In Autumn 2015 we collaborated with Bristol-based organisation Situations on this acclaimed project as part of Bristol 2015 European Green Capital. 

One of the foremost American artists of his generation, Theaster Gates is renowned for his acts of transformation, such as the re-activation and redemption of abandoned spaces and the redeployment of disused objects and materials.

In the autumn of 2015 a temporary structure rose within the remaining shell of the 14th century Temple Church for a continuous programme of performance. Having sought out discarded and dormant materials from former places of labour and religious devotion across the city Gates built this extraordinary work, working alongside AN-Architecture. Entitled Sanctum, the artist invited musicians and performers across Bristol to sustain a performance of sound and spoken word continuously for 24 days, 24 hours a day.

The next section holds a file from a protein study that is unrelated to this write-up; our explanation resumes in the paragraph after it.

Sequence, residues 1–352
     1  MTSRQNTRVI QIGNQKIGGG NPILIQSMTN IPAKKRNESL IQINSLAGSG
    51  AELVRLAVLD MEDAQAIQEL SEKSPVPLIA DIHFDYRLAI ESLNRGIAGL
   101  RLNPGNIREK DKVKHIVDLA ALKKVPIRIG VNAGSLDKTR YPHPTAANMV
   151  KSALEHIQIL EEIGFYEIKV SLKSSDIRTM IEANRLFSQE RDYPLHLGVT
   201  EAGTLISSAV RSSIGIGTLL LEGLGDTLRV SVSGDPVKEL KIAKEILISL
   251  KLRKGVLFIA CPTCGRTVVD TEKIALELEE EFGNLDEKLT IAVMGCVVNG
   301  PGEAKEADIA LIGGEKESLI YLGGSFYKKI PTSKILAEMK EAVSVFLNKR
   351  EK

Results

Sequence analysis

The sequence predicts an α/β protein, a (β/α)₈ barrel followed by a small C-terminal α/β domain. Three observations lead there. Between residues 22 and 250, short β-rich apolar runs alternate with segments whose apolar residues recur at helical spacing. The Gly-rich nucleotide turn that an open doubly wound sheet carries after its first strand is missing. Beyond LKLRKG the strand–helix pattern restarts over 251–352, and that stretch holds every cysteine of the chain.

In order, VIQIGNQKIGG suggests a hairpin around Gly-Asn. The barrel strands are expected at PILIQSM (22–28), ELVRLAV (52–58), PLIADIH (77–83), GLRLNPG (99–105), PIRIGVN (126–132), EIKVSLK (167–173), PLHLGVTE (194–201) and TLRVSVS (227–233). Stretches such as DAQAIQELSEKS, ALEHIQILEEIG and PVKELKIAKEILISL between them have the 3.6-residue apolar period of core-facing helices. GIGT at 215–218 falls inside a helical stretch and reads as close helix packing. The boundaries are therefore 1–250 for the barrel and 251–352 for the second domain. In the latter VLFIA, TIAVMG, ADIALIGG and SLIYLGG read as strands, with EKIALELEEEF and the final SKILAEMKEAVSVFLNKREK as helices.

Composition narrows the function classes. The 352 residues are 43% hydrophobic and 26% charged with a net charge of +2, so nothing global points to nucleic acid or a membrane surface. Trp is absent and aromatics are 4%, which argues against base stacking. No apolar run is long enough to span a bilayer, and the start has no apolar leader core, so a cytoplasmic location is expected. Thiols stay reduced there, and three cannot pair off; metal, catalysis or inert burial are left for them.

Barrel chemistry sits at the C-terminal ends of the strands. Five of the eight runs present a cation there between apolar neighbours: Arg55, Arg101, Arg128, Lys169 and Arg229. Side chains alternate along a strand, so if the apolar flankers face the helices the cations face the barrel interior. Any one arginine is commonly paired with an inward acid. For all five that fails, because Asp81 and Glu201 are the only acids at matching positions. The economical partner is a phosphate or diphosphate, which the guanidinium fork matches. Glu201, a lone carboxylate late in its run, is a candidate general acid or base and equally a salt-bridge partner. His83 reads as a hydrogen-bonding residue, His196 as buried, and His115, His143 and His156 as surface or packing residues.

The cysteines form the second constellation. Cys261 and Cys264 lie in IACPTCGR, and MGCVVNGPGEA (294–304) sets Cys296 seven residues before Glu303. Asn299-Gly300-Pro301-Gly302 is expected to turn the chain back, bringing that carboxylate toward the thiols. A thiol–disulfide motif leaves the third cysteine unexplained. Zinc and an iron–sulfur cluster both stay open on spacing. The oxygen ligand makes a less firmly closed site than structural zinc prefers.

Sanctum was open to visitors day and night, capacity remaining limited to ensure the intimacy of the space. Whether a headlining band, spoken word artist or gospel choir this secret schedule contributed to the sense of Sanctum as a gathering space for collaboration and new encounters.

The project was developed through Gates’ working principle of seeing and reflecting upon the unseen, unvisited and under-heard. Gates sought the city’s voices, and tested how future spaces of contemplation might supersede the sanctuaries of the past.

MAYK curated the 552 continuous programme of live performance, bringing together performers from all over the city for this acclaimed  artwork. 


Sanctum was a Situations project for Bristol 2015 European Green Capital funded by Arts Council England Exceptional Fund and the Henry Moore Foundation. The project is produced in Bristol in association with MAYK, BYEP (Babbasa Youth Empowerment Projects) and LARA (Lorraine Ayensu Refugee Arts) and in partnership with English Heritage.

Photo: Max Mclure